The UFCW alleges that Smithfield is using immigration agents to discourage unionization. There were elections at the Tar Heel plant in 1994 and 1997 that the union lost. In May 2006, a federal appeals court threw out the 1997 election, finding that the company had engaged in "intense and widespread coercion" to block the union.

Minneapolis. Some 40,000 Somalis have settled in the Minneapolis area since 1990. Some drive taxis, and 70 percent of the drivers licensed to work at Minneapolis-St. Paul Airport are Somalian immigrants. About 1,000 passengers a year have been denied rides from the airport because they were visibly carrying alcohol, which the Somalis say is against their religion. The airport is considering suspending drivers who refuse passengers.

Some fear religious extremism in the area. The transit authority promised not to assign drivers to buses that carried ads for a local gay and lesbian magazine called Lavender, and Target agreed to assign Muslim cashiers to jobs that do not require handling pork. Federal law requires employers to make reasonable accommodations for religious beliefs; the U.S. Equal Employment Opportunity Commission handled 2,541 complaints of faith-based discrimination in FY06.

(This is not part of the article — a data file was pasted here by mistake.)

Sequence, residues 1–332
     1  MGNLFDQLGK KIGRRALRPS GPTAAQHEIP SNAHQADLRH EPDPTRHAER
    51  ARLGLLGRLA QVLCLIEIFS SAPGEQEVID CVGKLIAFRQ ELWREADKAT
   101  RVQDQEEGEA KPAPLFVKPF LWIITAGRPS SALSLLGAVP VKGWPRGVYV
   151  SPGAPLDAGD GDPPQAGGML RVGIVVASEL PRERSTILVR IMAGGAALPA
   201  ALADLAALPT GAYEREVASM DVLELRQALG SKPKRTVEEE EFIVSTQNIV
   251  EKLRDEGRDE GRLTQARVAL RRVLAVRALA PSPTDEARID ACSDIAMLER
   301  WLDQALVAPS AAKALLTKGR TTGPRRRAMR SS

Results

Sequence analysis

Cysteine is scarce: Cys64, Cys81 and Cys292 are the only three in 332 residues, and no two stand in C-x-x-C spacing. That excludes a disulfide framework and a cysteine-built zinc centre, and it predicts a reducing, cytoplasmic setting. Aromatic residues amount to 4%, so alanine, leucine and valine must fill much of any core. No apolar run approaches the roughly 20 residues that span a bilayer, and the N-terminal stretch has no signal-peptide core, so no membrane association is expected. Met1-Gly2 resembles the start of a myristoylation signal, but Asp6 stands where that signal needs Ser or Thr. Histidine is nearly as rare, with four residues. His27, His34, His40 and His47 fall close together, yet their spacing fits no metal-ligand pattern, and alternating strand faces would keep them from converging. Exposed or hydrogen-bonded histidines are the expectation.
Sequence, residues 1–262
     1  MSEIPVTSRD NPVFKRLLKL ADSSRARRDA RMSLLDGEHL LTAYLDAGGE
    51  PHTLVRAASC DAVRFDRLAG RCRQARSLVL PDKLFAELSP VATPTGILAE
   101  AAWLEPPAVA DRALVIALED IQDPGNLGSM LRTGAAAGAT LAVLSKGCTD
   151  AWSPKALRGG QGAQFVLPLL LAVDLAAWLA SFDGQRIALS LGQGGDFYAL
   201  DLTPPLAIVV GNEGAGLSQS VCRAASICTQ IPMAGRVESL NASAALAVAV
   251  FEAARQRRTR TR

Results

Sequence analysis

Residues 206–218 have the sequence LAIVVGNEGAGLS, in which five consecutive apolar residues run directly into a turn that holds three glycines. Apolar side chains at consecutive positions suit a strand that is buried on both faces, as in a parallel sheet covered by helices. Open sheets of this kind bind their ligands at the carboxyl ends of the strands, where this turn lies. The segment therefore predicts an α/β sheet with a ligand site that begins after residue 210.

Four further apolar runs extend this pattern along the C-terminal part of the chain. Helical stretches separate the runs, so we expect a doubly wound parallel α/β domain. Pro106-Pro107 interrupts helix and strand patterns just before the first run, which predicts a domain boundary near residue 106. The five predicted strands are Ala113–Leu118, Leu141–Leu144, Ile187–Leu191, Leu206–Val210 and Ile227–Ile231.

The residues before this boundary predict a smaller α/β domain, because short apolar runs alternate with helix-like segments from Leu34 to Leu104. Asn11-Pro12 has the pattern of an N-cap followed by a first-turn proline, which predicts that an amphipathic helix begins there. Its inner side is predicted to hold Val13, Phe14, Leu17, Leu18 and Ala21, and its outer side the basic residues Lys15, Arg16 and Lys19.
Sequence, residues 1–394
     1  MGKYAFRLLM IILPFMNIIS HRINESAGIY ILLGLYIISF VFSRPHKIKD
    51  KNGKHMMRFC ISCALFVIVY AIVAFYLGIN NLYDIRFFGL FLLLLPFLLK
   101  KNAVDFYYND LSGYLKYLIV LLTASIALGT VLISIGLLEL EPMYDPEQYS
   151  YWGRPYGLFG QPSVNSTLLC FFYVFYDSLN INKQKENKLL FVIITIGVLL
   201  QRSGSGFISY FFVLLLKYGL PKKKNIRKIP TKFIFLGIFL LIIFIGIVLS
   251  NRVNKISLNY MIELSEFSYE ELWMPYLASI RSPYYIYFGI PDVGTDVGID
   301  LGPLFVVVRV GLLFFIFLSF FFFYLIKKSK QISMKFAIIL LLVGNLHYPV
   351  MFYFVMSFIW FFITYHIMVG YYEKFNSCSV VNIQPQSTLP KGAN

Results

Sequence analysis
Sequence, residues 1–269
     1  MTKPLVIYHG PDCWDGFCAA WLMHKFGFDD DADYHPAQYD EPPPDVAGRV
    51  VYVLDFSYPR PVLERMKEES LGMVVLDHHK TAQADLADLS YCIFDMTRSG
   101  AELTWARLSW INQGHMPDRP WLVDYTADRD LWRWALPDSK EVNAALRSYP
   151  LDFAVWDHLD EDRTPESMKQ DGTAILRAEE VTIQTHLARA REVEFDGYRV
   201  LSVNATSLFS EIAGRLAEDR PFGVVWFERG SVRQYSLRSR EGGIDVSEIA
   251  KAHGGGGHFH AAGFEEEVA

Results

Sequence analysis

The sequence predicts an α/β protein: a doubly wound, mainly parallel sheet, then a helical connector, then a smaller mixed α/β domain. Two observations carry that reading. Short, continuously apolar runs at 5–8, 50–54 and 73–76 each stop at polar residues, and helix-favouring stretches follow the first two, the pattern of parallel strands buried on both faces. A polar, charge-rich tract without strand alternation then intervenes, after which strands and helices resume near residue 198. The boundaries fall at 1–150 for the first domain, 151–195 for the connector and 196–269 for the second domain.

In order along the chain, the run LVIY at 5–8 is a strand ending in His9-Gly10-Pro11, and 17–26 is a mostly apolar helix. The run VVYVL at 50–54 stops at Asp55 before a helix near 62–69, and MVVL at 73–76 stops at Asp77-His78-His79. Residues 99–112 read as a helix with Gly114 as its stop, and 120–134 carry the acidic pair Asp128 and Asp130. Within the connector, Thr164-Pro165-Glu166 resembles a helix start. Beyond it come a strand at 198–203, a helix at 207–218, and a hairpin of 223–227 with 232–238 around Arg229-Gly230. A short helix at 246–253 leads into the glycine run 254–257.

Stephanie Simon, "Faith and work collide in Minneapolis," Los Angeles Times, March 27, 2007. Sylvia Moreno, "Immigration Raid Leaves Texas Town a Skeleton," Washington Post, February 9, 2007. Evan Perez and Corey Dade, "An immigration raid aids Blacks for a time," Wall Street Journal, January 17, 2007.